U.s._u-20_-_asn_top_-__loss_to_ukraine_-_2019_world_cup US Soccer
U-20 analysis

Four thoughts on the U.S. team's 2-1 loss to Ukraine at the U-20 World Cup

The United States fell to Ukraine to open it's U-20 World Cup campaign. How did this happen? What's next? ASN's Brian Sciaretta takes a look
BY Brian Sciaretta Posted
May 24, 2019
5:00 AM
THE UNITED STATES U-20 national team opened its 2019 U-20 World Cup campaign with a disappointing 2-1 loss to Ukraine on Friday evening in Poland. The loss now sets up a very tricky path for Tab Ramos’ team to advance to the knockout stages.

The U.S. team came out strong with most of the possession but fell behind in the 26th minute Serhiy Buletsa got behind Sergino Dest after a poor defensive effort from the Ajax right back. Buletsa made no mistake and beat goalkeeper Brady Scott with a shot to the near post.

The United States responded quickly with an equalizer in the 31st minute when a long spell of possession saw Dest, Konrad de la Fuente, and Paxton Pomykal make a nifty combination in the box that sprung Tim Weah on the right flank. Weah sent in a perfect low cross that found a well-positioned Brandon Servania for a close-range finish.

The second half saw the U.S. team push forward but fall behind in the 51st minute when Denys Popov beat Chris Richards in the box on a corner and headed home the ball from close range.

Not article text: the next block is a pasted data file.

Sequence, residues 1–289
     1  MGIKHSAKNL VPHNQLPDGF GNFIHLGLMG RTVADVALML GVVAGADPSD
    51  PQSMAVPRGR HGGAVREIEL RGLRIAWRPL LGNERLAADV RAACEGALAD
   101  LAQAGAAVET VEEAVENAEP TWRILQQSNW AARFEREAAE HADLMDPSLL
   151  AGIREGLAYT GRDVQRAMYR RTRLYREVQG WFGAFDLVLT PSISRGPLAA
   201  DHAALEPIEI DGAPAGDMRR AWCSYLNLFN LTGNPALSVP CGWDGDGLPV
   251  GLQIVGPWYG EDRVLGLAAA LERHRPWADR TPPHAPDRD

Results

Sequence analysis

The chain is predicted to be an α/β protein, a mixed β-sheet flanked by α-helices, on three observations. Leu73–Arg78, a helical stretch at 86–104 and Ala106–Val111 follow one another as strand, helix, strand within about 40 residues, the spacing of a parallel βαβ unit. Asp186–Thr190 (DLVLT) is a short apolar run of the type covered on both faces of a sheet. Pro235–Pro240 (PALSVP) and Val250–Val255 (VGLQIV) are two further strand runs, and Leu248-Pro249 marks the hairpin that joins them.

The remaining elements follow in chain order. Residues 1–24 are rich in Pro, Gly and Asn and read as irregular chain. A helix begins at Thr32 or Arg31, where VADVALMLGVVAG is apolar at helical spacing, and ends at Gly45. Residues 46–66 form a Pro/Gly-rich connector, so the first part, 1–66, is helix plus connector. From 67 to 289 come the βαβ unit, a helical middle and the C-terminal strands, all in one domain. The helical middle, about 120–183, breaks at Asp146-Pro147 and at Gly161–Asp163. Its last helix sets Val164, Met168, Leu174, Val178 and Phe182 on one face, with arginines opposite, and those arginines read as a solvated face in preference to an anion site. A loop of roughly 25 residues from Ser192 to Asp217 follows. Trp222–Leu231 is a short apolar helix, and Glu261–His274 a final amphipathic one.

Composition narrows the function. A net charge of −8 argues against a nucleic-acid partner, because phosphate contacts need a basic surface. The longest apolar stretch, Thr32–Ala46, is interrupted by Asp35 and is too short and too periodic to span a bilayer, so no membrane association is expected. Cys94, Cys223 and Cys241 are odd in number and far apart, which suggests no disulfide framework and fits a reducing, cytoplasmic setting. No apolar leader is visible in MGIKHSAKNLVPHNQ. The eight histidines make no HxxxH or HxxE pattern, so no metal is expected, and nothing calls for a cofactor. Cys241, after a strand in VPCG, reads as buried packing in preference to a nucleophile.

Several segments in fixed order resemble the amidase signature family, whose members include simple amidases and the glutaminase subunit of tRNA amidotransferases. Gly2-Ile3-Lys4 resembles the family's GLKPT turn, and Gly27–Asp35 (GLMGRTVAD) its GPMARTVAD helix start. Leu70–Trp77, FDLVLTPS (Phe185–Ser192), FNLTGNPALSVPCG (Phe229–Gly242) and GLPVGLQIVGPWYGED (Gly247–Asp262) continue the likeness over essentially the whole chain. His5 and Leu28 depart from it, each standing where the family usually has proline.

For the rest of the game, the U.S. team pushed forward but was not very dangerous. Alex Mendez hit the post with a shot with 10 minutes remaining and Mendez also forced Andriy Lunin to make a few good saves.

The loss put the United States in a dangerous situation where it will likely needs at least a win and a draw from its final two games. It next game, on Monday, might be its toughest test of the group stages against Nigeria.

Here are some thoughts on the game

Ukraine was superb

While American fans are understandably disappointed with the result, full credit must go to Ukraine which executed a highly intelligent game plan to near-perfection. Youth national team soccer typically has a lot more errors than at the senior level. Defensively, Ukraine made absolutely no mistakes. For the U.S. team to score, it had to successfully complete a very difficult combination of passes. That was more to the credit of the U.S. than a mistake by Ukraine.

Ukraine stayed compact and beautifully absorbed pressure. The U.S. had more possession but was rarely dangerous. To not make any significant mistakes against a talented U.S. team is a remarkable feat at the youth level.

Ukraine was willing to bet the U.S. team would make more defensive mistakes (despite controlling more of the ball) than it would. And when the U.S. made a mistake, Ukraine was confident it would finish its few chances. It absolutely did. A poor handling of a long-ball by Dest and a poor marking on a corner was all it took.

For the U.S team, it likely won’t face an opponent who can flawlessly defend and ruthlessly finish like Ukraine did today.

Too many struggled in possession

The defensive mistakes weren’t the only reason why the U.S. team lost. Ukraine was exceptional defensively but the U.S team was not nearly as dynamic as it could have been.